Protesters with megaphones are making a lot of noise over the confirmation of Oklahoma Attorney General Scott Pruitt to lead the Environmental Protection Agency.

But Pruitt and others concerned about an agency that has grossly exceeded its statutory authority and threatened individual liberty are giving a bigger megaphone to voices all over the country that need to be heard.

They’re providing a voice to the family the EPA fined $75,000 per day for placing gravel on virtually dry land. They’re standing up for the farmers (like this cranberry farmer), ranchers, and homebuilders worried about the authority seized by the EPA in the Waters of the United States rule, which could destroy their way of life.

And they’re aiming to protect the small businesses and families across the country facing higher energy bills as a result of global warming regulations on the country’s power fleet.

Unfortunately, there are plenty of stories to pull from.

Now, environmental activists want you to believe those are necessary to prevent higher asthma rates, more smog, and allowing big businesses to willingly pollute. The left has bought into the notion that a strict choice exists between economic activity and the environment.

But that’s a false choice.

Many times during Pruitt’s confirmation hearing, senators presented this false choice and took issues completely out of context. Two issues constantly brought up during the confirmation hearing illustrate these points: mercury emissions and climate change.

Several senators attacked Pruitt on mercury, claiming he should be more concerned about mercury emission reductions, largely because of his opposition to the Obama EPA’s mercury air and toxics regulation on power plants.

But let’s put this opposition into context.

By its own estimation, the EPA said the mercury regulation for power plants could cost $9.6 billion annually. But the agency justified that cost saying the health benefits would range from $37 billion to $90 billion per year.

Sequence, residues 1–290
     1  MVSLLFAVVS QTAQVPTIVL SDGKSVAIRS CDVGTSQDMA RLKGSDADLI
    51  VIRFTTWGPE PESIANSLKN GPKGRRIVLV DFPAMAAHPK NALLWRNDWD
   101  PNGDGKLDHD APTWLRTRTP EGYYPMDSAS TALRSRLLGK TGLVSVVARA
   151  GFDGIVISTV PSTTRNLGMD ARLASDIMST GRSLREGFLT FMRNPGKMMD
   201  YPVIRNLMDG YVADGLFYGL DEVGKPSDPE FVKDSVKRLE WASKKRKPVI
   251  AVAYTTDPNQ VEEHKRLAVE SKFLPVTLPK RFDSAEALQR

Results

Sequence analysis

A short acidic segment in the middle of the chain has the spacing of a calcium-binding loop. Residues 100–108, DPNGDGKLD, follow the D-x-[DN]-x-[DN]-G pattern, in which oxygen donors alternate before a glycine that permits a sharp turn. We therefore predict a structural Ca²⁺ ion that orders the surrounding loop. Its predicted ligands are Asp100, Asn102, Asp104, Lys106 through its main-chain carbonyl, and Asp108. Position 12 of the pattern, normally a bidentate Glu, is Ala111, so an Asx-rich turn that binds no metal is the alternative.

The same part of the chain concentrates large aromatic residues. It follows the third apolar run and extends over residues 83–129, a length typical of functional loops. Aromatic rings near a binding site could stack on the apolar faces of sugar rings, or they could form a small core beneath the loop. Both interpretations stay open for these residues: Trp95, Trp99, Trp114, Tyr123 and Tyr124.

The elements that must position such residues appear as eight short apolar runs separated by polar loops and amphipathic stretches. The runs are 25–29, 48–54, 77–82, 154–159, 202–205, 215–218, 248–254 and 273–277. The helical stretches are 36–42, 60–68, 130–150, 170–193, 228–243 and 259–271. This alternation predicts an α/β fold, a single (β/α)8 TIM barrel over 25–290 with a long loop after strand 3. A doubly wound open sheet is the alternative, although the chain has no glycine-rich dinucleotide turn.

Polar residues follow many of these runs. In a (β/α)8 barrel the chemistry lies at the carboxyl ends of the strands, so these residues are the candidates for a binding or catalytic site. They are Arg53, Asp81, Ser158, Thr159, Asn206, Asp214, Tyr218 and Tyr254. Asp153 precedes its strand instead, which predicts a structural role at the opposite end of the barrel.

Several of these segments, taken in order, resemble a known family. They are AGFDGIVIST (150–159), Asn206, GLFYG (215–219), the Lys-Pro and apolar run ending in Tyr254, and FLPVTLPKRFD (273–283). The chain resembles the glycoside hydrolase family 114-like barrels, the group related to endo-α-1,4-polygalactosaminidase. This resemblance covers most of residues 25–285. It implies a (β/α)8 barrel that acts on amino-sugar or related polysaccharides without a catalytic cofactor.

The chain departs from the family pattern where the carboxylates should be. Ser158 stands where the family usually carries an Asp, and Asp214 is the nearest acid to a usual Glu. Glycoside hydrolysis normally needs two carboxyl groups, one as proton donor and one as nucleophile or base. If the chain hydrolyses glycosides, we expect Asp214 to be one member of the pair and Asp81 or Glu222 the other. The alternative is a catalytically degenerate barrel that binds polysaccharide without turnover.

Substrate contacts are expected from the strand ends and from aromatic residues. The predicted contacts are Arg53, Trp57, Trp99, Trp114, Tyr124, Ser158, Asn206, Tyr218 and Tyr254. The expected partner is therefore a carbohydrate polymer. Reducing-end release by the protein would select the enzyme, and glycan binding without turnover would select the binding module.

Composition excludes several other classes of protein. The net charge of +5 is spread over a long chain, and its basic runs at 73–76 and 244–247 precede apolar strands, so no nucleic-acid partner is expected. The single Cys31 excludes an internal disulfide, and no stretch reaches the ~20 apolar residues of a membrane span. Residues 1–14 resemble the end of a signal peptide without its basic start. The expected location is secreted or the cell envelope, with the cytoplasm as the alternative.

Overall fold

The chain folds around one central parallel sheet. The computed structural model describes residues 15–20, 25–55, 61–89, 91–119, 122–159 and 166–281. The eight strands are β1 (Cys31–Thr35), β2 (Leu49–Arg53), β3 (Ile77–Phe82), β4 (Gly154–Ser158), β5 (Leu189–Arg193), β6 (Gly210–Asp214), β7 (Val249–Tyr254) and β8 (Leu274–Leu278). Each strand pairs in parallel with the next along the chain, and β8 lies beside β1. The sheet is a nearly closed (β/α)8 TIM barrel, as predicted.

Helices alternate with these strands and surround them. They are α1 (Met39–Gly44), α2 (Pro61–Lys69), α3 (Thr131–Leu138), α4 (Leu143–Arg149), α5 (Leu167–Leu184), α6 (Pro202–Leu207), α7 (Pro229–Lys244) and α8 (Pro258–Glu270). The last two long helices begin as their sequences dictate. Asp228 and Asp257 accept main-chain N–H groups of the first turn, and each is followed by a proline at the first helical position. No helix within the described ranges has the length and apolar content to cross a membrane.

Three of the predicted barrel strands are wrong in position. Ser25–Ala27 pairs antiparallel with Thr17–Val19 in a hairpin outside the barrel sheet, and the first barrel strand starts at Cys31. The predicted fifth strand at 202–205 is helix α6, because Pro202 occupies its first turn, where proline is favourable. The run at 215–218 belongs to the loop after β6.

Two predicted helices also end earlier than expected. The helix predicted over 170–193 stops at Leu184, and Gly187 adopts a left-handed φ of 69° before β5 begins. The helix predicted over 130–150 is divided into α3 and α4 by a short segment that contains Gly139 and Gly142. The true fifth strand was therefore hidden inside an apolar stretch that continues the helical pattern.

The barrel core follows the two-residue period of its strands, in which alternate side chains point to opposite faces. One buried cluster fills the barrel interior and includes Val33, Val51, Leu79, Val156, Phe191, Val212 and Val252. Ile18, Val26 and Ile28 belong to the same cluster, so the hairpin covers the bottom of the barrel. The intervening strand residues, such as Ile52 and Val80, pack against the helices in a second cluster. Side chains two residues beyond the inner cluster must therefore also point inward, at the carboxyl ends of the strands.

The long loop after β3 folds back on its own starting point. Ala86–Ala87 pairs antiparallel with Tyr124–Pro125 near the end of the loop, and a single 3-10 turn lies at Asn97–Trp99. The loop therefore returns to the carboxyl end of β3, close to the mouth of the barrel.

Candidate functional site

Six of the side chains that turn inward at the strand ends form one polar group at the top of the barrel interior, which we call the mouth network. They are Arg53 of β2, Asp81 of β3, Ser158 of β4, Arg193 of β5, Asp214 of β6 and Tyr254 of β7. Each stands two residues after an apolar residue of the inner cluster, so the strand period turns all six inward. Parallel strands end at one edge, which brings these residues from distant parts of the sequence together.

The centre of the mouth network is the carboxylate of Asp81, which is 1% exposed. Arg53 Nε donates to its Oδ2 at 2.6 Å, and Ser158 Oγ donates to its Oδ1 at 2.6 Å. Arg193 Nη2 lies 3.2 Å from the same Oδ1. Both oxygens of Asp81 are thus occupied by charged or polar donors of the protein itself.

Sounds like a no-brainer. But upon closer inspection, the monetary benefits from the mercury reduction are a paltry $4 million to $6 million per year.

The EPA exaggerates the environmental benefits by including estimated benefits from reducing particulates (co-benefits) already covered by existing regulations. Those co-benefits account for 99.99 percent of the agency’s estimated benefits.

Exploitation of co-benefits allows the EPA to justify rules when costs greatly exceed benefits. We should welcome an end to such regulatory abuse.

And in fact, the Supreme Court agreed.

In June 2015, the Supreme Court struck down the EPA’s Mercury and Air Toxics Standards (MATS) to regulate mercury emissions from coal and oil-fired power plants. The court said the agency improperly ignored the costs when promulgating the regulation.

The problem, however, is that the court’s decision was symbolic because states had already gone down the irreversible, costly path that closed power plants and destroyed jobs.

The regulation was not a choice of environment at the expense of jobs. It was just a jobs killer with nothing in return.

Consider the second example: climate change.

Pruitt’s opponents painted him as a climate denier, despite the fact he’s never actually denied the science behind man-made warming. The reality is climatologists have a wide range of theories as to the magnitude of warming, the causes, man-made emissions’ impact on warming, and the rate of future warming and reliability of climate models to predict centuries into the future.

Despite claims from senators that the planet is experiencing more frequent and intense natural disasters, the data show no trends for extreme weather events. And despite fearmongering about sea level increases that would flood coastal cities, the current rate of sea level rise lies far beneath alarmist projections.

Pruitt led the opposition to the EPA’s climate change regulations because they would impose significant economic costs while making no significant impact on global temperature change. And as attorney general, he sued the agency because the EPA’s expansion of authority went well beyond its statutory limits.

Yet, somehow that makes him a denier.

Unsurprisingly, the critics of Pruitt questioned his ability to lead an agency he has sued as a state attorney general. But as attorney general, that’s exactly what he is supposed to do: protect his state from overreach when the EPA does not comply with the law.

And he wasn’t the only one. Twenty-seven states sued the Obama administration over the Clean Power Plan global warming regulations, and similarly, 27 states sued over the EPA’s Waters of the United States regulation that is a massive threat to private property rights.

When over half the country is suing you, it might be a sign something’s not right.

If you’ve heard anything from the activists protesting Pruitt’s nomination, you’d think he’s going to lead the United States on a path to the air and water quality of China. But the truth is that Pruitt has an opportunity to lead a responsible EPA, not an overzealous one like it is today.

An EPA that respects the rule of law, protects private property rights, and shifts environmental responsibility from the federal government to the states to better customize policies for local interests will yield greater economic and environmental results. There’s no denying that.